Employment law cases in the news – 21.11.2016 to 27.11.2016

redmans-blog-newsIn the latest of our series of posts on employment law cases in the news, we take a look at ten employment law cases that have made the news between 21 November 2016 and 27 November 2016

  1. Bicycle couriers start tribunal tussle over worker rights – The latest legal battle over rights and responsibilities in the “gig economy” opens on Tuesday with the first of four cases brought by London bicycle couriers. The employment tribunal brought by Maggie Dewhurst against CitySprint is the latest in a series of cases in which workers are fighting to stop companies from classifying them as self-employed contractors who do not receive rights and protections (The Financial Times)
  2. CitySprint faces tribunal over rights of freelance workers – The delivery firm CitySprint is to become the latest British business embroiled in a legal dispute over the gig economy when it faces demands at an employment tribunal to treat its freelance couriers as workers (The Guardian)
  3. M&S unfairly sacked worker on sick leave – A woman who won an industrial tribunal judgment against Marks & Spencer, which had sacked her while she was on sick leave, says she was “just another number” to the firm. Sally Roach, 55, joined the company in 1986 and had worked as a visual merchandiser in the Hereford branch since 1995 but had been off work for a year with serious complications after a hysterectomy. (The Times)
  4. Last-minute witnesses rejected from Treehouse Nursery, Wanstead, tribunal where teacher claims boss asked her to watch ‘Jewish Girls Gone Wild’ porno – A last-ditch attempt to hear new witnesses in the tribunal case of a nursery teacher who claims her boss invited her to watch pornography in the school office has been thrown out (East London & West Sussex Guardian)
  5. €32k for social worker who was unfairly dismissed – Philip Doyle was sacked by the Three Steps organisation arising from the incident involving the 12-year-old at one of the group’s residential homes in April 2014. Three Steps sacked Mr Doyle after concluding he used “unnecessary and excessive force and unauthorised physical restraints” (The Irish Examiner)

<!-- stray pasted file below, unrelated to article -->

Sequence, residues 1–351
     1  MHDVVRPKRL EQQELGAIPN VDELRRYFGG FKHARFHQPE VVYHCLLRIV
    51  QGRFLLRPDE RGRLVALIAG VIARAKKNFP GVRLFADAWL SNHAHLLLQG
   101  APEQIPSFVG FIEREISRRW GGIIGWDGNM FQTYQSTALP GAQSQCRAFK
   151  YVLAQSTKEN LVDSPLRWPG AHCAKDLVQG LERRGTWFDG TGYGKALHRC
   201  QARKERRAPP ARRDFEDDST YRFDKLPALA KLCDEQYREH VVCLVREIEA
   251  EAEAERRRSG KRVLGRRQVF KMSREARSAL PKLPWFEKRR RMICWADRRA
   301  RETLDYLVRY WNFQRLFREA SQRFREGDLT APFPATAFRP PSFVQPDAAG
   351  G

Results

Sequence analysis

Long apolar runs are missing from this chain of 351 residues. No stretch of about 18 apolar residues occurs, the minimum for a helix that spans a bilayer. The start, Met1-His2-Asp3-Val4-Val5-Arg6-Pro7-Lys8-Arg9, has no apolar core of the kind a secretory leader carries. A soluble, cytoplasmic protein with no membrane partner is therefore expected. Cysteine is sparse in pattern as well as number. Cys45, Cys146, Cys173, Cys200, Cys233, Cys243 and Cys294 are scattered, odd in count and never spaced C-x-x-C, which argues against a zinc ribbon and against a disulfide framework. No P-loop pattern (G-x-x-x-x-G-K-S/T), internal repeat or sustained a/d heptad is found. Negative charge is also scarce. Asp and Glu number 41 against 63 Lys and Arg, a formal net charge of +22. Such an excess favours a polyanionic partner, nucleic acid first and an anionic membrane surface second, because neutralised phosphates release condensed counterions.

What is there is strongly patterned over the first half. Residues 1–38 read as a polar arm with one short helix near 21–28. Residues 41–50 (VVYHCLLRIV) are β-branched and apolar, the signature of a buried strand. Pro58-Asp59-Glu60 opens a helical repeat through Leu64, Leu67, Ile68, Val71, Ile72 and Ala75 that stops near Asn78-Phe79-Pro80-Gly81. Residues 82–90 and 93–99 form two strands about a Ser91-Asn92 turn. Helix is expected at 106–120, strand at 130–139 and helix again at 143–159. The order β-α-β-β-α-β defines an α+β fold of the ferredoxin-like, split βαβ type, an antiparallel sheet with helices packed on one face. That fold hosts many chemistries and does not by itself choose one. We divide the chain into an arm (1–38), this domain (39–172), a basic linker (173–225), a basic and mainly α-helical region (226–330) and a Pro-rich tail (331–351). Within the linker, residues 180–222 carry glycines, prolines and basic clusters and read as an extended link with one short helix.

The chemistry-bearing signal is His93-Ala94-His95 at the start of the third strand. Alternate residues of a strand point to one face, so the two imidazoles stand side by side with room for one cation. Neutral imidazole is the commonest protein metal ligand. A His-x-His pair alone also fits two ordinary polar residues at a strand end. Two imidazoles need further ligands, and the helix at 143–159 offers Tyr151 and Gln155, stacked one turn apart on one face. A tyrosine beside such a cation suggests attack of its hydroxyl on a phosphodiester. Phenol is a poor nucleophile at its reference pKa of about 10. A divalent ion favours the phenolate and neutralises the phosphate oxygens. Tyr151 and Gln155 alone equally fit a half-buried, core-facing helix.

6. Senior former manager sues CPS for unfair dismissal – A senior former manager is suing the Crown Prosecution Service for unfair and constructive dismissal in an employment claim that has exposed strains in the way cases are brought to trial (The Guardian)
  7. Tribunal reserves judgment on judges’ pensions – The  employment tribunal is expected to deliver its verdict on the pensions dispute between judges and the lord chancellor in the next few weeks after a seven-day public showdown reached its finale yesterday afternoon (The Law Society Gazette)
  8. Birmingham school faces second discrimination case – A school accused of ethnic discrimination against a teaching assistant is facing similar allegations after a senior staff member was charged with racially abusing a teacher (The Guardian)
  9. ‘You’ll be great at flying into towers’: Top City banker accused of viciously taunting his Lebanese colleague who was training to be a pilot – A city banker branded wealthy Middle Eastern clients ‘camel f******’, the French ‘rats’ and called a Lebanon-born colleague a terrorist, a tribunal was told (The Mail Online)
  10. Construction company fined after worker fell 6 meters – A Derbyshire based engineering construction company has been prosecuted after a worker fell and suffered severe injuries. A worker was repairing a fibreboard roof of a barn and using two homemade crawling boards when he fell 6meters on to the floor below, sustaining serious injuries to his head, hip, and lungs (HSE)